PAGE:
Pulitzer Prize-winning journalist, Chris Hedges, is scheduled to give the keynote speech at an upcoming conference about resource extraction at Simon Fraser University (SFU). The State of Extraction, set to take place from March 27-29, 2015, aims to bring together Indigenous leadership, academics, artists, public intellectuals, activists, and the general public to address “the new face of resource capitalism in Canada… and the lack of debate about such issues.” Ironically, a “lack of debate” is precisely what some groups want.
After publishing an unforgiving report on the sex industry and the left’s unwillingness to challenge what Hedges calls “the quintessential expression of global capitalism,” the bestselling author received an email from conference organizer, Stephen Collis.
The email, sent on March 11, explained that Hedges’ article “set off a ‘firestorm.” Collis writes that, despite his “own knowledge of this issue [being] highly limited… the views expressed in [the] piece are highly controversial.”
Collis said in emails that he was informed by “groups opposed to abolition and in favour of harm reduction/legalization” that the arguments Hedges highlights in his report are “not supported by most organizers and organizations in the [Downtown Eastside of Vancouver], who have found comments in the article offensive and prejudiced.” He told Hedges, via email, that “We have been inundated with complaints around your appearance at the State of Extraction conference, both from individuals and organizations.”
While Collis may have heard from those who are opposed to the ideas put forth in Hedges’ report, which outlines a feminist critique of the sex industry, he had not yet heard from those groups and individuals who agree with Hedges’ assessment that the fight against prostitution is a “fight against a dehumanizing neoliberalism that begins, but will not end, with the subjugation of impoverished girls and women.”
Collis wrote, in his initial email, that “the stakes of the conference are premised on solidarity with frontline and marginalized (and largely Indigenous) communities facing continuing colonial dispossession — a loss of agency, and a loss of voice,” informing Hedges that, in an effort to “stand with marginalized indigenous communities,” he intended to cancel the journalist’s keynote speech.
To be clear, those who petitioned Hedges’ talk are individuals and groups who lobby to legalize the purchase of sex. Pivot Legal, Collis told me, was one of the primary voices involved in opposing the Hedges’ involvement in the conference. Pivot played a significant role in the Bedford case, advocating for the full decriminalization of prostitution, specifically, the decriminalization of pimps, johns, and brothel owners. What else seems clear is that groups and individuals (there were only about seven or eight emails received in protest, I’m told) who support the legalization of prostitution have a vested interest in silencing dissent and in no-platforming anyone who dares suggest that prostitution constitutes a violation of women’s human rights.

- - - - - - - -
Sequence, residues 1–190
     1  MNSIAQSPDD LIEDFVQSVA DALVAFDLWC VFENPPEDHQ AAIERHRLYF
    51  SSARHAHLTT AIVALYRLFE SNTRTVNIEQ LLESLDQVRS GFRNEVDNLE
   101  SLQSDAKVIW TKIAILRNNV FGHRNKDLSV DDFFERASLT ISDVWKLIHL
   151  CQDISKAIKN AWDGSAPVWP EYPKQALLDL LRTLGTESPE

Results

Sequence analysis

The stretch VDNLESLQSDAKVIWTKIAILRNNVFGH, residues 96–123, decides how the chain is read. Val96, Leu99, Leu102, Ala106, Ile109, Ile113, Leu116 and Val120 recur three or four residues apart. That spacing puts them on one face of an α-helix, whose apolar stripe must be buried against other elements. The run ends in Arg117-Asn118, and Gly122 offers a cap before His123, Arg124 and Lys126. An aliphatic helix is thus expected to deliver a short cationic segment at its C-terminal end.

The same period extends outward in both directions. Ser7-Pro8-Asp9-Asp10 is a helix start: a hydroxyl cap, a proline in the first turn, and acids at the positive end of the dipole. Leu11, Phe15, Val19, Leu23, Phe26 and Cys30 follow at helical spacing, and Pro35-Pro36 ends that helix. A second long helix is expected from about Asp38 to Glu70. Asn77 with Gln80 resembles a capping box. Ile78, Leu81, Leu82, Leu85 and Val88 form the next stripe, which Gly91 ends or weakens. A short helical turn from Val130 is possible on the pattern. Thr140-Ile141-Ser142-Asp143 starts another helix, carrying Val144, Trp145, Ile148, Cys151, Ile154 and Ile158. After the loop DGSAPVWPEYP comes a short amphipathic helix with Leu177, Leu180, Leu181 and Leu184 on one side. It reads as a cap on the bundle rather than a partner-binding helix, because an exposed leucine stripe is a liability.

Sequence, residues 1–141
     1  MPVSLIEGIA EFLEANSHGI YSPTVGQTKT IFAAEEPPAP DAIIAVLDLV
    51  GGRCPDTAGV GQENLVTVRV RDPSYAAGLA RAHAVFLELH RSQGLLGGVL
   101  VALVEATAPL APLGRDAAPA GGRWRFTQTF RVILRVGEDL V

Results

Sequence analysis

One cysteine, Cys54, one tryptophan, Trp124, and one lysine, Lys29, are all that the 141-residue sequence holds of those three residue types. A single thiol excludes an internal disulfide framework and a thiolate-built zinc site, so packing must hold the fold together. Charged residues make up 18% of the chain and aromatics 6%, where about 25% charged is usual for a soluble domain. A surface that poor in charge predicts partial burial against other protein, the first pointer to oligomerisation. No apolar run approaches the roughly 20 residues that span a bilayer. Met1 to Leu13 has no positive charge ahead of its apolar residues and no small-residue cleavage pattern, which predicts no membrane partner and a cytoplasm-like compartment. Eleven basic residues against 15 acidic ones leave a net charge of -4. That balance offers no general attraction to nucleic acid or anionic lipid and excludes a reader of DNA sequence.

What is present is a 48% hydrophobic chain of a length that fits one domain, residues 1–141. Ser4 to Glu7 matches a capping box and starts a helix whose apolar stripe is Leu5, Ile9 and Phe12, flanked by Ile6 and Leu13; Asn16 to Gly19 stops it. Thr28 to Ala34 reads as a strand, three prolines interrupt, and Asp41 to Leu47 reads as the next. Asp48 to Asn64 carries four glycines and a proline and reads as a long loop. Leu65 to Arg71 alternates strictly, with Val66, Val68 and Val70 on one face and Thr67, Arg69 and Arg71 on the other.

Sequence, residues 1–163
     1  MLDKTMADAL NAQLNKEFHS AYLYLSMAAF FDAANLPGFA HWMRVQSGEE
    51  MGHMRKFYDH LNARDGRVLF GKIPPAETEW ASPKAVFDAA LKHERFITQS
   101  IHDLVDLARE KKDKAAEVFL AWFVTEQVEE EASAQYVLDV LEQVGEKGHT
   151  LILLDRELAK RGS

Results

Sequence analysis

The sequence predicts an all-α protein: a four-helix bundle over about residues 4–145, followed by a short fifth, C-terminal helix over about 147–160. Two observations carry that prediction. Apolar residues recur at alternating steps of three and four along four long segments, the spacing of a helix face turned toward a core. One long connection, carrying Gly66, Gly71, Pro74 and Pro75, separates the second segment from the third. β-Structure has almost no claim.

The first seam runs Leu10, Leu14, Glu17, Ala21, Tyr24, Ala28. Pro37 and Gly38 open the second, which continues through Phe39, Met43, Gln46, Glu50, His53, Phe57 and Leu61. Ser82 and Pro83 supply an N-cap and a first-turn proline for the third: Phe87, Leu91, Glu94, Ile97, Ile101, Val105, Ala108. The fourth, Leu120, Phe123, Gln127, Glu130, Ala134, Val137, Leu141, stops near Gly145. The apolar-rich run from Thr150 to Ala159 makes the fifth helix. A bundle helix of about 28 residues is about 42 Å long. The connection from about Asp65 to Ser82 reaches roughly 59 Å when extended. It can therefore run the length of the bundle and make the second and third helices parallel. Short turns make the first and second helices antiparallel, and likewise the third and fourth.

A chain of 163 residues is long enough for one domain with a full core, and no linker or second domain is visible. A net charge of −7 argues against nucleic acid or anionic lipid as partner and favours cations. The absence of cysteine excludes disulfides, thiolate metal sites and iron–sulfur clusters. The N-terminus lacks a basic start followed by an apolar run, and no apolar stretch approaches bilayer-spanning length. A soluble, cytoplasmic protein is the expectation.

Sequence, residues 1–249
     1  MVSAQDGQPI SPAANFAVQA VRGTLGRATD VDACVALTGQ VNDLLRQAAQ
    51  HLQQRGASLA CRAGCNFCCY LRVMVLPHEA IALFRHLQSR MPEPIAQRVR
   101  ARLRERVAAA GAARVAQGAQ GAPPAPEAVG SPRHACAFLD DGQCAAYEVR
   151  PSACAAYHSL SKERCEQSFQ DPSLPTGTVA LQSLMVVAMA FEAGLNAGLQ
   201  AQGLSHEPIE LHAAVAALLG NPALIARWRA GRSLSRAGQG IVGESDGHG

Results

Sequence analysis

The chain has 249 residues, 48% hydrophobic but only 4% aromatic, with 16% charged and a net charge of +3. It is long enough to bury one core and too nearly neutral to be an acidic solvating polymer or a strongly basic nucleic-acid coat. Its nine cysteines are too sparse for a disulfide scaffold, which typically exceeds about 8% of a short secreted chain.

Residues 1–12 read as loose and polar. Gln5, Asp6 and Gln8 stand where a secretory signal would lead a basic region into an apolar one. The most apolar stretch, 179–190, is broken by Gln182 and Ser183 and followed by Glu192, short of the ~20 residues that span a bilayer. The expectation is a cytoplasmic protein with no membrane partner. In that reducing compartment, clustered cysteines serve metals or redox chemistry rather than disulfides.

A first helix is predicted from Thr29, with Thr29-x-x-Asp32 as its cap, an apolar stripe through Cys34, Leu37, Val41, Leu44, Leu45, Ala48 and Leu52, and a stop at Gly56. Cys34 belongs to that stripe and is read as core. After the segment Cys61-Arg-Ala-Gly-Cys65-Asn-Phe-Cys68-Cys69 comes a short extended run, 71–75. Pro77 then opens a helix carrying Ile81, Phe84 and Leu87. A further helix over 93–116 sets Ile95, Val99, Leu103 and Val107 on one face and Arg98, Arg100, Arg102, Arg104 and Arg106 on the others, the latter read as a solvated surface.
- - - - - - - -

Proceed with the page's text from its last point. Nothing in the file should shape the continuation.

Lee Lakeman, a prominent activist and longtime member of Vancouver Rape Relief & Women’s Shelter (recently retired), points out that the information Collis received is erroneous. “There is no Indigenous community that has called for the legalization of prostitution,” she says. Lakeman also says she doesn’t know which “frontline workers” he is referring to. “Obviously women working against violence against women [who oppose the sex industry] are frontline workers…”
In fact, there are many local frontline organizations, women’s groups, and activists — including women from the sex trade — who oppose the legalization of prostitution, advocating instead for a model that decriminalizes the prostituted but criminalizes pimps, johns, and brothel owners (a model recently adopted in Canada, commonly referred to as the Nordic model), including Vancouver Rape Relief, Aboriginal Women’s Action Network, The Native Women’s Association of Canada, Women Against Violence Against Women Rape Crisis Centre (WAVAW), Indigenous Women Against the Sex Industry (IWASI), Asian Women Coalition Ending Prostitution (AWCEP), and EVE, just to name a few…
Lakeman agrees that liberals too-often refuse to take a stand in difficult times, referencing a quote from Bernadette Devlin, who once said, “in the absence of a fence to sit on , the weakly hearted liberals will go about the business of building one.”
Lee feels a decision to cancel Hedges’ presentation would reveal SFU as “an institution that accepts complicity with the systems of imperialism and colonialism that prop up the exploitation of women.”